Grandparents and Autism: A Mother’s Perspective

11 01 2008

My parents retired close to us so they could help with J. That really was their primary reason for moving from sunny Northeastern Brasil to gloomy Northeastern Ohio.

Two hip replacements later I think they will be helping quite a bit in the near future.  My mother just had surgery and is in a nursing home recovering and doing physical therapy so I’m trying to help my dad keep his sanity. We had planned– for two weeks– to go see the new Veggie Tales movie; The Pirates Who Don’t Do Anything, tonight.  J was counting down the days! I made my Dad’s favorite dinner and the plan was in motion. J came home from school talking about it– he knew what time we were going and had his (medicated) water and fruit snacks tucked into his coat. It was a go!

Fifteen minutes before my dad arrived I went looking for J. He was in bed, with his jammies on and announced that he was tired and wanted to stay at “J’s House”. Ok… I don’t know what changed but we took it in stride and played Scrabble instead. My dad was really cool with it– he was never this flexible when I was growing up!

The only constant with Autism is that it’s not predictable.

 The diagnosis– Autism– was a crushing blow to my husband and me. My parents didn’t see him day to day.  They couldn’t understand beyond the stereotype. That’s changed now– my parents are reading up on Temple Grandin and learning about J’s idiosyncrasies. They know that Autism doesn’t mean “Rainman”.

Autism conjures images to grandparents that parents don’t see. Perhaps because the definition has broadened in the past couple of decades I didn’t grow up with the same images that my parents did. It must be really hard for someone who pictures “Rainman”– or catatonia– to believe in significant progress, verbalization, being a functioning adult.

My parents celebrate victories at least as much as we do– The first time my son chattered all through Church my mom was so happy she cried and told everyone on the way out that “a year ago he couldn’t talk!” (My mother doesn’t cry.)

My son’s grandparents contribute so much to his life– they read to him– listen to him read, they ask him questions and have the patience to wait– however long it takes– for an answer.  My mom even made him pancakes for Thanksgiving! They are a real part of J’s progress.

The next generation– one who has an incidence of 1 in 166 with Autism– won’t have the same images that my generation has.  Imagine growing up in a time when everybody knows somebody with Autism? Will the next generation understand that the Autism Spectrum has such a wide range that there is no real stereotype?

I hope the next generation is kind, educated and anti-stereotypes. I hope J will someday be a good grandfather and will be able to tell his grand-kids about my dad.


Ten Things Every Child With Autism Wishes You Knew– Part 1; I am a Child

11 01 2008

I’m reading a new book– Ten Things Every Child With Autism Wishes You Knewby Ellen Notbohm. The following is from her article by the same name:

I am first and foremost a child —  a child with autism.  I am not primarily “autistic.”  My autism is only one aspect of my total character.  It does not define me as a person.  Are you a person with thoughts, feelings and many talents, or are you just fat (overweight), myopic (wear glasses) or klutzy (uncoordinated, not good at sports)?  As an adult, you have some control over how you define yourself.  If you want to single out a single characteristic, you can make that known.  As a child, I am still unfolding.  Neither you nor I yet know what I may be capable of. Defining me by one characteristic runs the danger of setting up an expectation that may be too low.  And if I get a sense that you don’t think I “can do it,”  my natural response will be:  Why try?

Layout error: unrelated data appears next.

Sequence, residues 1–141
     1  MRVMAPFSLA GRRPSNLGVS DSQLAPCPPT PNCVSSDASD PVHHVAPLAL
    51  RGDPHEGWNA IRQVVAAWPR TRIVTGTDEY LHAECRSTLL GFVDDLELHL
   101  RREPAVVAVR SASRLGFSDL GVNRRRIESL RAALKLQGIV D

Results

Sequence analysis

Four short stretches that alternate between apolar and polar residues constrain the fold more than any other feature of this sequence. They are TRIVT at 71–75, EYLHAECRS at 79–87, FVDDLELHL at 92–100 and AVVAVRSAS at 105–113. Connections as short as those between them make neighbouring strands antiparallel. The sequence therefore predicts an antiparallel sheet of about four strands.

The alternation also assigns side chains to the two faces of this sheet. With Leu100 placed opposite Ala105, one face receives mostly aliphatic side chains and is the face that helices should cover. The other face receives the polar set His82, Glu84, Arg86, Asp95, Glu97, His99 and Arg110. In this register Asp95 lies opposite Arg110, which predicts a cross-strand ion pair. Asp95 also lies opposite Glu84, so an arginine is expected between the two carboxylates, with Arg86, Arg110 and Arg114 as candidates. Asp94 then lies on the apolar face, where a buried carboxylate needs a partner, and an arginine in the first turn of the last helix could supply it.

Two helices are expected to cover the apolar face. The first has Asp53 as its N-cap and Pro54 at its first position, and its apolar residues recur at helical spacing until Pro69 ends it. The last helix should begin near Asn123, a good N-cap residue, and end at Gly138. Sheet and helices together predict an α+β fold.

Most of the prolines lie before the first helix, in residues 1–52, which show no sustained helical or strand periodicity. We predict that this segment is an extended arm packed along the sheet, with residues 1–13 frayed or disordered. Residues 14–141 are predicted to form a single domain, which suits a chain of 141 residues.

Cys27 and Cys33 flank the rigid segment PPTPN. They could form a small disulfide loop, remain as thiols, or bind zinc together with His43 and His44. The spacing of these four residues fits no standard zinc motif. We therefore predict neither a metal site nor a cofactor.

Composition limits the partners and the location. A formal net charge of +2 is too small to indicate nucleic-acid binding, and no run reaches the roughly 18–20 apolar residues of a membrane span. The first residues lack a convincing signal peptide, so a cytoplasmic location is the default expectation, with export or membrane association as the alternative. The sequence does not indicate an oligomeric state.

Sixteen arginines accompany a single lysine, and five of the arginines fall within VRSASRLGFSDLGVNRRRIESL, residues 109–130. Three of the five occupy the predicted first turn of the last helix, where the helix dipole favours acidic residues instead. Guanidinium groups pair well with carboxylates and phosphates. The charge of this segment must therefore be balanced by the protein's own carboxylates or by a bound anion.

In the First Chapter she talks about predispositions we have towards labels.  Last weekend my son got a new Sunday School teacher. She is a lovely older lady who really wants to help J. She sat in on his old teacher’s last class with him and afterwards commented to me that she was really surprised by how well J did. I sang his praises– he’s a great reader, he’s really sweet and funny, etc. After reading the first chapter of this new book it occurs to me that she had a set of stereotypes she was anticipating she’d have to deal with.  (Bless her willingness to teach him anyway!) Because of her willingness to tackle this class and her predisposed notions, she will be able to learn from him. He will make her life richer.

I know that I sometimes clarify– “you know J is autistic”– I don’t introduce him as autistic but I do use it as a crutch to explain why he is how he is.  I need to give him more credit and remember that he is first and foremost a child– a georgeous, funny, sweet child!  I am truly blessed by Autism– strange, huh? J is who he is because of Autism and I am so lucky to be his mom!

I certainly don’t mean to be a Pollyanna– there are challenges– REAL challenges but, I wouldn’t trade him in… He is working hard to overcome his challenges, he tries– he’s a good boy who has to deal with things that I can’t relate to and in-spite of it; he is cheerful and persistent.  My son will overcome his speech and social issues. He will find a place where he will be a productive member of society. He will– and, I’ll help him.